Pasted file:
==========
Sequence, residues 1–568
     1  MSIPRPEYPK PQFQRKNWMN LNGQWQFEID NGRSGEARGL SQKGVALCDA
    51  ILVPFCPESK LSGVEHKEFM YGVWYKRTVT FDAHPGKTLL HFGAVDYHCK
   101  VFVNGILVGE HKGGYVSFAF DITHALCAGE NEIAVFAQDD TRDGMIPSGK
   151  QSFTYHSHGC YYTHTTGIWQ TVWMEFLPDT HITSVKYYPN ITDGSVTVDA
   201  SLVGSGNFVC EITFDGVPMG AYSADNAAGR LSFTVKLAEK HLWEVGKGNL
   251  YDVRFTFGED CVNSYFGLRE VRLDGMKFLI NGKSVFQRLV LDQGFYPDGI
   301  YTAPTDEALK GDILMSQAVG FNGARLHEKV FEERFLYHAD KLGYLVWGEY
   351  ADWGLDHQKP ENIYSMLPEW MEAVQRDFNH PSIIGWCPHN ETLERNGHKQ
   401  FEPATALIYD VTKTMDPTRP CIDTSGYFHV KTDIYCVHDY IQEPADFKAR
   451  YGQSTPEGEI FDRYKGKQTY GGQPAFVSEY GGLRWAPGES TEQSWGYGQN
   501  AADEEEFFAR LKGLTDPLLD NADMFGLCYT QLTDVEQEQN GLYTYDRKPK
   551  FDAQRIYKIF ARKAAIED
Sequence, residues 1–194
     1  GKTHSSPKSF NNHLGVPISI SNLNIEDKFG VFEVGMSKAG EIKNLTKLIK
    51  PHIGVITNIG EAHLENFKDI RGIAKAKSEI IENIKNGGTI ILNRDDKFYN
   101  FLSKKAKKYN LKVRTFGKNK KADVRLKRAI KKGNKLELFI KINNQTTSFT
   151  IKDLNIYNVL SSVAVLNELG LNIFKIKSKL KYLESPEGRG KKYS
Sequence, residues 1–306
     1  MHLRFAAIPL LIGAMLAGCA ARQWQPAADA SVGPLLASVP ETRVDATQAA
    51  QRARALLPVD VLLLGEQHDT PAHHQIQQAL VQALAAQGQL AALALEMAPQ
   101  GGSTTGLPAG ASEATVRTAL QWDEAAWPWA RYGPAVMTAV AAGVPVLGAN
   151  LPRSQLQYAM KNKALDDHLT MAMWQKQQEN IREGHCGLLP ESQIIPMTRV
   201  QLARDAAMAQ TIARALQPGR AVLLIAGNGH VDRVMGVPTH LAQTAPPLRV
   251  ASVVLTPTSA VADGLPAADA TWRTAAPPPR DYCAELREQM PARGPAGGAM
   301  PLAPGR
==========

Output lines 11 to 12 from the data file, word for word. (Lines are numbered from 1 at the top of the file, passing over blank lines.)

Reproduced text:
   451  YGQSTPEGEI FDRYKGKQTY GGQPAFVSEY GGLRWAPGES TEQSWGYGQN
   501  AADEEEFFAR LKGLTDPLLD NADMFGLCYT QLTDVEQEQN GLYTYDRKPK